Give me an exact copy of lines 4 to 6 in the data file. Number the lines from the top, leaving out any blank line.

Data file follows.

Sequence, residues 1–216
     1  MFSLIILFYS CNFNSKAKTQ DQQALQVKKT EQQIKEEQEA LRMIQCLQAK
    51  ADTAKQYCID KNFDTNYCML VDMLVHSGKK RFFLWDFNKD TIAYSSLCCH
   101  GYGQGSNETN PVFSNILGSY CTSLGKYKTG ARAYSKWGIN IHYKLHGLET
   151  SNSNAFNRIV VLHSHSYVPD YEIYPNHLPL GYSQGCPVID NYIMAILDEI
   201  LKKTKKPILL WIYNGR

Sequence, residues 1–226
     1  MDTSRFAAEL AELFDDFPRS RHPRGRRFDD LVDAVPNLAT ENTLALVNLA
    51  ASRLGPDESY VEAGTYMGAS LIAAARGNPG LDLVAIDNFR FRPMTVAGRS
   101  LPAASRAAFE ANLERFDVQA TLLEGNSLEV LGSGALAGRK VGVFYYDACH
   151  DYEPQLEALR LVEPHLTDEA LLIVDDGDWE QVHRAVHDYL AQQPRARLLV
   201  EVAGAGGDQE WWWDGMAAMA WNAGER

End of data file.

   101  GYGQGSNETN PVFSNILGSY CTSLGKYKTG ARAYSKWGIN IHYKLHGLET
   151  SNSNAFNRIV VLHSHSYVPD YEIYPNHLPL GYSQGCPVID NYIMAILDEI
   201  LKKTKKPILL WIYNGR